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Multi-Way Conventional loudspeakers with crossovers

Powered speakers _ are they phase coherent by design ?
Powered speakers _ are they phase coherent by design ?
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Old 9th September 2019, 10:10 AM   #11
AllenB is offline AllenB  Australia
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Quote:
My ideal speaker has a fantastic 3D soundstage and great voice reproduction. That is what i am looking for.
I don't think phase is your issue.
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Old 9th September 2019, 10:30 AM   #12
ginetto61 is offline ginetto61  Italy
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Originally Posted by AllenB View Post
I don't think phase is your issue.
Hi ! i agree that the listening room comes first ... but i understand speakers come second in order to get great soundstage (assuming that the soundstage has been well captured in the recordings of course). Let's say that if there is in the recording i would like to get it.
Moreover i have the feeling that to design a phase coherent crossover is quite challenging. Just a feeling.
That they are more the exception than the rule ?
This could be the reason why many audio lovers prefer wideband single drivers ?
and despite of all their other limits
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Thank you very much indeed
Kind regards,
gino
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Old 9th September 2019, 10:49 AM   #13
phase_accurate is offline phase_accurate
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There are some ways to build transient-perfect (=phase-coherent) or at least transient-improved crossovers that can't be done easily in a passive way.

I once did a quite simple active crossover for a wideband Driver plus woofer topology which is not that difficult to implement and that is almost transient perfect. For ages I wanted to do that one again with cheaper drivers buit I didn't find any time for it so far.

Regards

Charles
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Old 9th September 2019, 10:55 AM   #14
sangram is offline sangram  India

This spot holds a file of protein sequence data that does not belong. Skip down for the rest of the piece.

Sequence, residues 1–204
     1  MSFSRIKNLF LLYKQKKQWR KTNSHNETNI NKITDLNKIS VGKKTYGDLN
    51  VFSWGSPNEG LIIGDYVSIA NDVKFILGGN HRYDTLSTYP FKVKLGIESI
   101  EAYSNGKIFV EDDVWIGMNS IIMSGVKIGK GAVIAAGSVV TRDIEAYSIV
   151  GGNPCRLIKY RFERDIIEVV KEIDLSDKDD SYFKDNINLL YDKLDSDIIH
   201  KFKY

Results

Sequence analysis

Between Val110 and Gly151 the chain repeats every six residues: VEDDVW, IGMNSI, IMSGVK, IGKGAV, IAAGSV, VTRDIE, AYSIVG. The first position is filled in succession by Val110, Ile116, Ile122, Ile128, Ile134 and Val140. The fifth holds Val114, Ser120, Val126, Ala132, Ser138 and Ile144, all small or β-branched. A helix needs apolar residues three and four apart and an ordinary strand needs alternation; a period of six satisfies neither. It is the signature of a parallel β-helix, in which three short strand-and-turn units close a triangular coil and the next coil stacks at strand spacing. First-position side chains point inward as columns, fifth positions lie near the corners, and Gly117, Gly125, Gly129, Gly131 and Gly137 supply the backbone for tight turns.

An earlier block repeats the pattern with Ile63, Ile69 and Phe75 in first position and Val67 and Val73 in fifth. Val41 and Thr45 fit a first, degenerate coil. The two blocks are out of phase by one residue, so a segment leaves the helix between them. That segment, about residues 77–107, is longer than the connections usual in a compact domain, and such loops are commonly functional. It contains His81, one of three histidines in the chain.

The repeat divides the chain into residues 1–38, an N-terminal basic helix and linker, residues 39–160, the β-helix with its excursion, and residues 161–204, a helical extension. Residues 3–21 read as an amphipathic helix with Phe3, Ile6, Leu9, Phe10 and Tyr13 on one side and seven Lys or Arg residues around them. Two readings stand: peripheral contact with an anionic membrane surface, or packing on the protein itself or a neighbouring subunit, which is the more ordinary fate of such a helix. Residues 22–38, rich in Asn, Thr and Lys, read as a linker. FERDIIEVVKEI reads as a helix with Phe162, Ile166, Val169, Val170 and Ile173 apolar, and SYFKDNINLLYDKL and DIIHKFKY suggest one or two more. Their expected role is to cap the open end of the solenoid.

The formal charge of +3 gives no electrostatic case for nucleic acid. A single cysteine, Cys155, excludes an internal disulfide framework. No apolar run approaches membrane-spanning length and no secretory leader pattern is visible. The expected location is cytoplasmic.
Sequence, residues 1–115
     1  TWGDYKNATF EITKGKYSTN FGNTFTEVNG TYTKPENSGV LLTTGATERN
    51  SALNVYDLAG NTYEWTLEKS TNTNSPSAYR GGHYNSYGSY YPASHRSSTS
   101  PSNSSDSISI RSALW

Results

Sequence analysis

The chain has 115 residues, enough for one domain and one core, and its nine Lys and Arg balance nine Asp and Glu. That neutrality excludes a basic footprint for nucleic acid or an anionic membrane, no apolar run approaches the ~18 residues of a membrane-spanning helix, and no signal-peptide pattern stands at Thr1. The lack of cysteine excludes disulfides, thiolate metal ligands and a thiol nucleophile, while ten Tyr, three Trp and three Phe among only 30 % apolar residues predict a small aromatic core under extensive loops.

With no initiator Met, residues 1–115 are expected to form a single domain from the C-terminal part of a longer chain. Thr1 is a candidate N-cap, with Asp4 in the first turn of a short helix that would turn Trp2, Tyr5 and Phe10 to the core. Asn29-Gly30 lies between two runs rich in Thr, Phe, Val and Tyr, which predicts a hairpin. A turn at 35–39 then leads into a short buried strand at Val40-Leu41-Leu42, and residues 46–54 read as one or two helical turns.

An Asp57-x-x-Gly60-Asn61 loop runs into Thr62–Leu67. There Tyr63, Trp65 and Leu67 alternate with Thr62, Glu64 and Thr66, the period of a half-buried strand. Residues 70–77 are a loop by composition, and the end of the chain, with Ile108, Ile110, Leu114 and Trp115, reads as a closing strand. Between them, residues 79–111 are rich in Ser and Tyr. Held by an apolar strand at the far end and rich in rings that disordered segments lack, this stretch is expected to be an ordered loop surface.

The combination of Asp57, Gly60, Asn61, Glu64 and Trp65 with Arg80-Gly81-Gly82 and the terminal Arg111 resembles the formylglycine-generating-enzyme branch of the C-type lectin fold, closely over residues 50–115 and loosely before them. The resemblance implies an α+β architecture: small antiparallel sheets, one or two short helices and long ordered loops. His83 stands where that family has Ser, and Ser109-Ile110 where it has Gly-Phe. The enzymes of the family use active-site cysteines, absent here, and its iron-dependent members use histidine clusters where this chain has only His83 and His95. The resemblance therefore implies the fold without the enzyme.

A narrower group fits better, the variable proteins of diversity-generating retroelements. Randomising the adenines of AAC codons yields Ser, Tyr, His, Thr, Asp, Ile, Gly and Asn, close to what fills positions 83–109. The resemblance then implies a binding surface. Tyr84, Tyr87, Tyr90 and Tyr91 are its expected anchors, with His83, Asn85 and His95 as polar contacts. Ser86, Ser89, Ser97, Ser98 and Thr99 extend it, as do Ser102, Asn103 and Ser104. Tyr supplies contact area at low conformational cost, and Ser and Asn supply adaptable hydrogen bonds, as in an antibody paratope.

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Originally Posted by ginetto61 View Post
Moreover i have the feeling that to design a phase coherent crossover is quite challenging. Just a feeling.
That they are more the exception than the rule ?
This could be the reason why many audio lovers prefer wideband single drivers ?
and despite of all their other limits
It's not particularly challenging to design a phase coherent speaker on one axis.

The moment you throw in a real room with different arrival times for the same frequencies, that you begin to face a problem.

For any two driver combination excepting coaxials and horns, actually being phase coherent at listening position in a real room is quite difficult, regardless of performance in anechoic conditions.

Single driver speakers are not immune to room issues either so suffer from phase errors in real world situations anyway.
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Old 9th September 2019, 11:05 AM   #15
Draki is offline Draki  Macedonia
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Originally Posted by ginetto61 View Post

leaving aside xover less speakers which would be an example of multi-ways phase-coherent speaker?
This is a random but very telling example (of a phase coherent passive, non-DSP multi-way system)

Vandersteen Audio Treo loudspeaker Measurements | Stereophile.com
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Old 9th September 2019, 11:24 AM   #16
phase_accurate is offline phase_accurate
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Leaving aside the discussion wether transient-perfect is needed at all, there is always the discussion about loosing transient-accuracy off axis. I would say that if it matters at all it will definitely only matter on axis anyway, because only the first wavefront is used to localise a sound source by our auditory system.